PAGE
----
Are Central Asian governments’ worries about a U.S. attack on Iran justified? Probably not – it’s very unlikely that the United States would attack Iran, Syria, or any other Middle Eastern country from Central Asia given the superior and better-situated U.S. military facilities and platforms in the Persian Gulf, both on land and at sea. For example, U.S. Navy carrier-based aircraft could bomb Iranian nuclear targets without needing to fly through any other countries’ airspace.

But this won’t stop Russian officials focusing on the Iranian threat, not least because they want to distract Central Asian states from their own gripes with Moscow. It’s important to recall, for example, that before visiting Moscow, Atambayev had focused his remarks on Russia’s failure to provide sufficient compensation to Kyrgyzstan for hosting Russian military facilities, including an air base at Kant, Russia’s largest military facility in Central Asia. In an interview with Kommersant, Atambayevsaid that the base should be closed since it doesn’t enhance regional security and does nothing except “flatter the vanity of Russian generals.” 

Of course, as well as seeking to secure more payments for Kyrgyzstan, Atambayev may also be seeking to demonstrate to Kyrgyz his tough nationalist stance and his ability to stand up to, and even manipulate, the great powers. (Kyrgyzstan has the most democratic political system in Central Asia, and politicians need to pay more attention to their popularity to secure re-election than in other Central Asian states).

The Russian Defence Ministry for its part says that its lease terms don’t require rent for Kant, which Moscow has defined as coming under the framework of the Collective Security Treaty Organization rather than as a Russian base. (It did, though, acknowledge to Kommersant that Russia hadn’t paid rent due on its three other military facilities, and that it had ceased fulfilling its 1993 contract to provide Kyrgyzstan with military training and weapons in exchange for the base).

But while Russia’s manoeuvrings with Kyrgyzstan have generally bubbled under the surface of international headlines, another of Moscow’s relationships has been very much in the news – ties with Tehran.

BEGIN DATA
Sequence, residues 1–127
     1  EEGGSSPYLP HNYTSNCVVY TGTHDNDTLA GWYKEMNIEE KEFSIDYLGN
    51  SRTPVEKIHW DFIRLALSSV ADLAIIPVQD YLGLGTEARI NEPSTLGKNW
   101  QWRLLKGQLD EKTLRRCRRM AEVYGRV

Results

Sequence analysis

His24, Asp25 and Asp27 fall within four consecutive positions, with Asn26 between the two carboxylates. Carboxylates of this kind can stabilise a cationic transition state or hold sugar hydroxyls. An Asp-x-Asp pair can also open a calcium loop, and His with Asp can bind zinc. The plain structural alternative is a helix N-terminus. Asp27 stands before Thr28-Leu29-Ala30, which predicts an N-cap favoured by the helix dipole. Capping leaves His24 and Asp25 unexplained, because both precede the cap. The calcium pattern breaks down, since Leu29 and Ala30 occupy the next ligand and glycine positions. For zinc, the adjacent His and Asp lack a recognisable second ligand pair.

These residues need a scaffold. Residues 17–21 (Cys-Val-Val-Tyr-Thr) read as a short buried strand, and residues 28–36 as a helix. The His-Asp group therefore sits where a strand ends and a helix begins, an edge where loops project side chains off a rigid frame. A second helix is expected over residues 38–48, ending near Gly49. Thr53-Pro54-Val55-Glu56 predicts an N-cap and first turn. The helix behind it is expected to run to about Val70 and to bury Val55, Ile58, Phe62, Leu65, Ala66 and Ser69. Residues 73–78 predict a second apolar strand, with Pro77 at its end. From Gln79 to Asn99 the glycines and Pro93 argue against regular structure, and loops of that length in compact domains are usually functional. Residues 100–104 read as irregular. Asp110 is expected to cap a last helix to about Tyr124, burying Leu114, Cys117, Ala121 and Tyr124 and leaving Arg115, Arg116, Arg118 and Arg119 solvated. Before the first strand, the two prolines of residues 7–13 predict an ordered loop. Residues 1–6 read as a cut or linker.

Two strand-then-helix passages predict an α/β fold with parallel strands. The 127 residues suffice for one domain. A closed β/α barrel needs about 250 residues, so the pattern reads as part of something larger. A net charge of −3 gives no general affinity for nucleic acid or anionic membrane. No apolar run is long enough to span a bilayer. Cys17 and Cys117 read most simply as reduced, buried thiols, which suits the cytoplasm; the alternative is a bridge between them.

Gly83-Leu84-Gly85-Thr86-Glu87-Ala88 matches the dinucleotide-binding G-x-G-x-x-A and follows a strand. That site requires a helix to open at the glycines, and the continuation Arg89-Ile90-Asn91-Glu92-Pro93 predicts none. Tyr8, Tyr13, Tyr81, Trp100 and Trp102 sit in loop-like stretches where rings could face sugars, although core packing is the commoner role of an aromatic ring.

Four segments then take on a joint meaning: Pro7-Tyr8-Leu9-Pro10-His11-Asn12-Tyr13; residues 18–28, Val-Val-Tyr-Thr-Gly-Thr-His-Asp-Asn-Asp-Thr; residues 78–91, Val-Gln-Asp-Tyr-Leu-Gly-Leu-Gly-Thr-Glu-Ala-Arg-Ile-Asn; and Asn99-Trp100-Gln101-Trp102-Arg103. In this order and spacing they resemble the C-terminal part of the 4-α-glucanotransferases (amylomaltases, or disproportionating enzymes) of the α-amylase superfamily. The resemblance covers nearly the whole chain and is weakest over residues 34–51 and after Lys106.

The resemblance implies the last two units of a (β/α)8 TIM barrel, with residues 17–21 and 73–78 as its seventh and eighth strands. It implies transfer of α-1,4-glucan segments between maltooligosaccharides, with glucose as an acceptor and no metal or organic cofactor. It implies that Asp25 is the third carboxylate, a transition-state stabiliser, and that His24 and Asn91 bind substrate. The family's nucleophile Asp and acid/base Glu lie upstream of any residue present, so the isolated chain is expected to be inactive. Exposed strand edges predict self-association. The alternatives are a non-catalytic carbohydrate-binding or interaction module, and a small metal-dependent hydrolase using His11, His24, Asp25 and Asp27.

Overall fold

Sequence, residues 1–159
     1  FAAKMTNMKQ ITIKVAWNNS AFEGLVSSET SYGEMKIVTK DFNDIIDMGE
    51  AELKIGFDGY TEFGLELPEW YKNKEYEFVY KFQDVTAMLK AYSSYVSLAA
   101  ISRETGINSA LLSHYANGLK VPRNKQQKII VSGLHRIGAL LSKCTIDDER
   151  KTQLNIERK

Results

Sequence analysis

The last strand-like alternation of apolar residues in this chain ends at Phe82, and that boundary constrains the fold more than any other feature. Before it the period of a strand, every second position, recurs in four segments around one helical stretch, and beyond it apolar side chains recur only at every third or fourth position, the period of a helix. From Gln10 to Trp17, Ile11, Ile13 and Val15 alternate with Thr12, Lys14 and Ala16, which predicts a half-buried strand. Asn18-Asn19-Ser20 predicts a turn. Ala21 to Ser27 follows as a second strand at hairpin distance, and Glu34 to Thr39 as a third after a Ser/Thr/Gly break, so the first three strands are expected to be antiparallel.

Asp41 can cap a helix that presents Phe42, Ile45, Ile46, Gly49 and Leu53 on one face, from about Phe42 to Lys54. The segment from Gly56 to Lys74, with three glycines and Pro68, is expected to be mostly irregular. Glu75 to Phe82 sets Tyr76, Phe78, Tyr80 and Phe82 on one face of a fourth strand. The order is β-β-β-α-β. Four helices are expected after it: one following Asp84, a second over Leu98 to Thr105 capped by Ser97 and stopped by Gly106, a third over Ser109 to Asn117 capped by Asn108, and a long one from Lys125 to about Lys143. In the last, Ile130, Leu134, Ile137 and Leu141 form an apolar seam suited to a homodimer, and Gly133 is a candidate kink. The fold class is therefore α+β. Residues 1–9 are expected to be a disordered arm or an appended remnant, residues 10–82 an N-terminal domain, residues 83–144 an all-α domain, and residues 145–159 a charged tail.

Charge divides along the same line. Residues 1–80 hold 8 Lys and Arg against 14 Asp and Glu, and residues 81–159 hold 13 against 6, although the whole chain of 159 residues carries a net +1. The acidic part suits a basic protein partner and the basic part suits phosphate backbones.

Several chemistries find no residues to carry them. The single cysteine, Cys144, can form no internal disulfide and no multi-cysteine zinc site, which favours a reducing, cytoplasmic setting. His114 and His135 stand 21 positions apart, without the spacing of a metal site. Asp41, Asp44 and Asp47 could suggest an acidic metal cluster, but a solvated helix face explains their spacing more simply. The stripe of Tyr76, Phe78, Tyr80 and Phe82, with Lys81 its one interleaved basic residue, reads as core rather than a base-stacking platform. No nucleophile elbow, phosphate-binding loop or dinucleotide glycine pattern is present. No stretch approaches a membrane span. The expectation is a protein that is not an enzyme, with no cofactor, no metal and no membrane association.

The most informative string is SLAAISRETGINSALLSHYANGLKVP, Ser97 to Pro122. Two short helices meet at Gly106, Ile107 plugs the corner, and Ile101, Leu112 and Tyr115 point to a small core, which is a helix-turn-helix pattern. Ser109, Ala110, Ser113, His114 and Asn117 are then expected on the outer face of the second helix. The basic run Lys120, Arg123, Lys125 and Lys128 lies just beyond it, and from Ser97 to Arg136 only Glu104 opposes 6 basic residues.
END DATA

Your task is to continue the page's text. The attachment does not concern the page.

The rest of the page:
Russia and Iran share important interests in Central Asia, including promoting the region’s energy and economic development as an alternative to Western markets, countering Sunni-inspired terrorism, and balancing American influence in the region. Russia therefore supports the Iranian objective of limiting the U.S. military presence in Central Asia and neighbouring regions, including territory, airspace, or military facilities in Central Asia that could be used to attack Iran.

And traditionally, Tehran has respected Moscow’s primacy when dealing with Central Asia. For example, Iran endorsed Russia’s military intervention during the Tajikistan civil war – Iran’s bilateral ties with Russia remain more important than its still limited relations with the Central Asian states. Also, since Iran hopes to expand its commercial relations with Central Asia, and because it fears the advent of another burdensome civil war such as that in Afghanistan, which flooded Iran with millions of refugees, Tehran views Russia’s stabilizing military presence with favour. 

So, does this mean that the West is contending with a Moscow-Tehran alliance? Not necessarily – despite some shared interests, it’s important not to exaggerate the degree of alignment between Russia and Iran. Tehran’s links with international terrorism movements, its support for anti-government groups in Lebanon and other countries, and above all its controversial nuclear energy program, have all made Moscow keep its distance from Tehran.

Ultimately, the reality is that Moscow’s support for Tehran’s goals in Central Asia, like those of Washington and its NATO’s allies, is about advancing Russia’s own goals.